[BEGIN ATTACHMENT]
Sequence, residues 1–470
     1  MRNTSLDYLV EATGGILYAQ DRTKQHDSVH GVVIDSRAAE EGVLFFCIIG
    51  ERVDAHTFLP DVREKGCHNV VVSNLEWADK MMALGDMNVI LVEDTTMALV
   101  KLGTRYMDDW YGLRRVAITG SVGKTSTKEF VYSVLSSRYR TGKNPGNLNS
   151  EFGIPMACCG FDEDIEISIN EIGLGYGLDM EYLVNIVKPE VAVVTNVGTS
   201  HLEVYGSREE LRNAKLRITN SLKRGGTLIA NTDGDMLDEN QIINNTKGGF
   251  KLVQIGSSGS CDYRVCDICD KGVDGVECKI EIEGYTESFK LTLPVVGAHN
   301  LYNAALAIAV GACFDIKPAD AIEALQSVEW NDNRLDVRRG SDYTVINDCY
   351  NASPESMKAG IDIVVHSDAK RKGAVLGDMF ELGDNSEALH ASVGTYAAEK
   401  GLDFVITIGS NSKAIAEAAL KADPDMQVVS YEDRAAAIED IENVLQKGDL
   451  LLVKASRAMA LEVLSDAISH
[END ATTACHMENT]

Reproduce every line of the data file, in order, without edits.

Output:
Sequence, residues 1–470
     1  MRNTSLDYLV EATGGILYAQ DRTKQHDSVH GVVIDSRAAE EGVLFFCIIG
    51  ERVDAHTFLP DVREKGCHNV VVSNLEWADK MMALGDMNVI LVEDTTMALV
   101  KLGTRYMDDW YGLRRVAITG SVGKTSTKEF VYSVLSSRYR TGKNPGNLNS
   151  EFGIPMACCG FDEDIEISIN EIGLGYGLDM EYLVNIVKPE VAVVTNVGTS
   201  HLEVYGSREE LRNAKLRITN SLKRGGTLIA NTDGDMLDEN QIINNTKGGF
   251  KLVQIGSSGS CDYRVCDICD KGVDGVECKI EIEGYTESFK LTLPVVGAHN
   301  LYNAALAIAV GACFDIKPAD AIEALQSVEW NDNRLDVRRG SDYTVINDCY
   351  NASPESMKAG IDIVVHSDAK RKGAVLGDMF ELGDNSEALH ASVGTYAAEK
   401  GLDFVITIGS NSKAIAEAAL KADPDMQVVS YEDRAAAIED IENVLQKGDL
   451  LLVKASRAMA LEVLSDAISH